I have a Fluke 189 at home and it is worth every penny that I paid for it. Pity that Fluke no longer can produce them (due to some shortage of obsolete or custom parts, or something like that). The new 289 looks gorgeous though - here's to praying I can convince my employer to get me one (probably will end up with a 179 instead).

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Still on my old Fluke 77 :D

Every five or ten years it needs a new battery, been all around the world with it!

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SteveN wrote:
Another vote for Fluke 87...but I guess everyone votes for what they have themselves :-) .

Steve,

You've got the cart before the horse, I think... :)

I don't vote for Fluke simply because I own Fluke meters

But I do own Fluke meters because they are the safest and most reliable meter out there! That's why I vote for Fluke! :wink:

You can avoid reality, for a while.  But you can't avoid the consequences of reality! - C.W. Livingston

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SteveN wrote:
You are correct. I did buy Fluke because I felt they were the best :-) . That is also why I use AVR's :-) :-) .

Long live the AVR!!! :wink: :lol:

You can avoid reality, for a while.  But you can't avoid the consequences of reality! - C.W. Livingston

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FROM: http://elexp.biz/tst_my64.htm:

Quote:
Temperature: -20 degrees C - 1,000 degrees C

Wow, I wanna see this thing work at 1,000 degrees C....

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Psychlow wrote:
FROM: http://elexp.biz/tst_my64.htm:
Quote:
Temperature: -20 degrees C - 1,000 degrees C

Wow, I wanna see this thing work at 1,000 degrees C....

It all depends on the temperature sensor being used.

1000 degrees Celsius is only 1832 Degrees Fahrenheit. I'm sure the meter will be using a K type thermocouple - good to about 1260 degrees Celsius or 2300 degrees Fahrenheit.

Beyond 1000 degrees Celsius, you'd need to use one of the more exotic thermocouples like T or R.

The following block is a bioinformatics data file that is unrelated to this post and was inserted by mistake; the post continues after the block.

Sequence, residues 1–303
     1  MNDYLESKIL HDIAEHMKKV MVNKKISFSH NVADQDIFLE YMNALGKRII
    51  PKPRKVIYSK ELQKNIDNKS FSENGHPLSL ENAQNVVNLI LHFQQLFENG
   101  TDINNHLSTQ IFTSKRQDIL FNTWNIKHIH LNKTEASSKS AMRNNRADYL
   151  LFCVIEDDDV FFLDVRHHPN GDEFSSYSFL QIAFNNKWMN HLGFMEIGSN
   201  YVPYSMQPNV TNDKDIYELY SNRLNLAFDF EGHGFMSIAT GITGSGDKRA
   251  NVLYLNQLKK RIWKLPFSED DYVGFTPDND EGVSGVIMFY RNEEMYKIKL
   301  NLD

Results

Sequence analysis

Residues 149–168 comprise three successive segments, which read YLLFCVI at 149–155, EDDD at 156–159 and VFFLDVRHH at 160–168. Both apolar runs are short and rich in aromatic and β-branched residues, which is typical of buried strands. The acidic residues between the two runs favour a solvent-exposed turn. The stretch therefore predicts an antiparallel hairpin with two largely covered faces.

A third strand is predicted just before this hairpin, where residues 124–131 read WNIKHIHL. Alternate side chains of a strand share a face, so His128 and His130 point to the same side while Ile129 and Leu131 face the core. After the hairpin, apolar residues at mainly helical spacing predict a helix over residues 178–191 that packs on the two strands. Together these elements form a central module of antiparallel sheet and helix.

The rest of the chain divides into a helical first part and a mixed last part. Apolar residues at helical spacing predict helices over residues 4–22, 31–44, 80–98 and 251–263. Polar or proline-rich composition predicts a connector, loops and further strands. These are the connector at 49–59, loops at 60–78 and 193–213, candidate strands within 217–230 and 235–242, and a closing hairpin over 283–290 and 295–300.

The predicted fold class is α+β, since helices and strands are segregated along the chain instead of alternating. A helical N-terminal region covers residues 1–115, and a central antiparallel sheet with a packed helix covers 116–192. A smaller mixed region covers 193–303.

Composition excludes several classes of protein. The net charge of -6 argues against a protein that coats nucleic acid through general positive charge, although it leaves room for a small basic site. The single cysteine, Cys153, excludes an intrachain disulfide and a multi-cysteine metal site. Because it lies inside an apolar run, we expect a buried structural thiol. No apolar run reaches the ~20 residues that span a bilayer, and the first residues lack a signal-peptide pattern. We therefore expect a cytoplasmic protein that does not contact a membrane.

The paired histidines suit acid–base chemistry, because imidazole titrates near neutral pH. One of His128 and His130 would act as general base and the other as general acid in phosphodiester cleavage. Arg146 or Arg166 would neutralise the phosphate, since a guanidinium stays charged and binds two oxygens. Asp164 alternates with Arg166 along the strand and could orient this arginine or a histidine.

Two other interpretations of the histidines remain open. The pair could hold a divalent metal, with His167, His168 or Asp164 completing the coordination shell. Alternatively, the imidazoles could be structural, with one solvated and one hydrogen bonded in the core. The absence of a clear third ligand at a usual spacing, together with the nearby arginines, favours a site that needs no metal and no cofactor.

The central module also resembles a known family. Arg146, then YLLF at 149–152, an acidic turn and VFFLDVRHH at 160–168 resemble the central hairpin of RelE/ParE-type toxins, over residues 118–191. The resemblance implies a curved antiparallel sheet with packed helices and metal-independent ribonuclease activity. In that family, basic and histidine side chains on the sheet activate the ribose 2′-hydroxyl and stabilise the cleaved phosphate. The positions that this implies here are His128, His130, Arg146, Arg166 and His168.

You can avoid reality, for a while.  But you can't avoid the consequences of reality! - C.W. Livingston

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Yeah - the way it's listed on that page, I was taking it as meaning that the device can operate under those conditions (the multimeter itself being exposed to 1800+*F) rather than it being able to measure up to 1000*C with a thermocouple. You'd think it would list that below, under 'specifications' with the rest of the rated maximums....

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barnacle wrote:
Still on my old Fluke 77
I bought my Fluke 87 used about 10-years ago for $100 from a friend. One of fuses was blown when I got it - I couldn't find replacement fuses anywhere (DigiKey, Mouser, etc.). Called Fluke - ordered replacement fuses at a reasonable price. The DMM still looks and works like new . . .

Don

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I use since several years a Digitek DT 80000. It comes with a lot of nice features: Autorange, TrueRMS, Peak Hold, Max Min Average function, frequency up to 10MHz + duty cycle, capacity up to 100µF, Temperature, 3V sqare wave output (0.5Hz - 5kHz, 1-100% duty cycle).
This multimeter can measure very small signals with its +/- 80mV input range. So you have a resolution of 1µV/1µA. Very usefull when testing sleep current of PicoPower AVRs. I bought this one in germany for 90 Euro. I don't think you'll get more features for this money. Recommend for hobby electronic freaks.

Yes, a fluke might be more robust. But I never had problems with mine and I sometimes had selected the wrong function, too. And with a fluke multimeter I never had recognized it when I forgot to turn off some peripherals of my AVR before entering sleep mode.

Regards
Sebastian

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Ah, the young whippersnappers of today have too much faith in their Flukes. Pass it on to your grandchildren, indeed. Like they'd want your old LCD multimeter when you die?

Now if you had a good ol' Systron-Donner, like one of these, they'd have something worth litigating over .... Nearly 40 years old and still more accurate than any other meter I own, including a Fluke. And it looks pretty damn cool, too.

Attachment(s): 

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I spy, with my little eye, something beginning with 'N' :mrgreen:

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...not 'nother naughty nixie... :twisted:

Ross McKenzie, Melbourne Australia

Last Edited: Fri. Oct 26, 2007 - 12:44 AM
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peret wrote:
And it looks pretty damn cool, too.
Ah, that it does. Very nice!

Don

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And the holy glow of Nixie is visible in the darkest nights ....

edit: that will be my new signature :P

A GIF is worth a thousend words   They are called Rosa, Sylvia, Tricia, and Ulyana. You can find them https://www.linuxmint.com/

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Looks pretty similar to the picture Wikipedia has....


Caption: Systron-Donner frequency counter from 1973 with Nixie display - photo by E. Barbour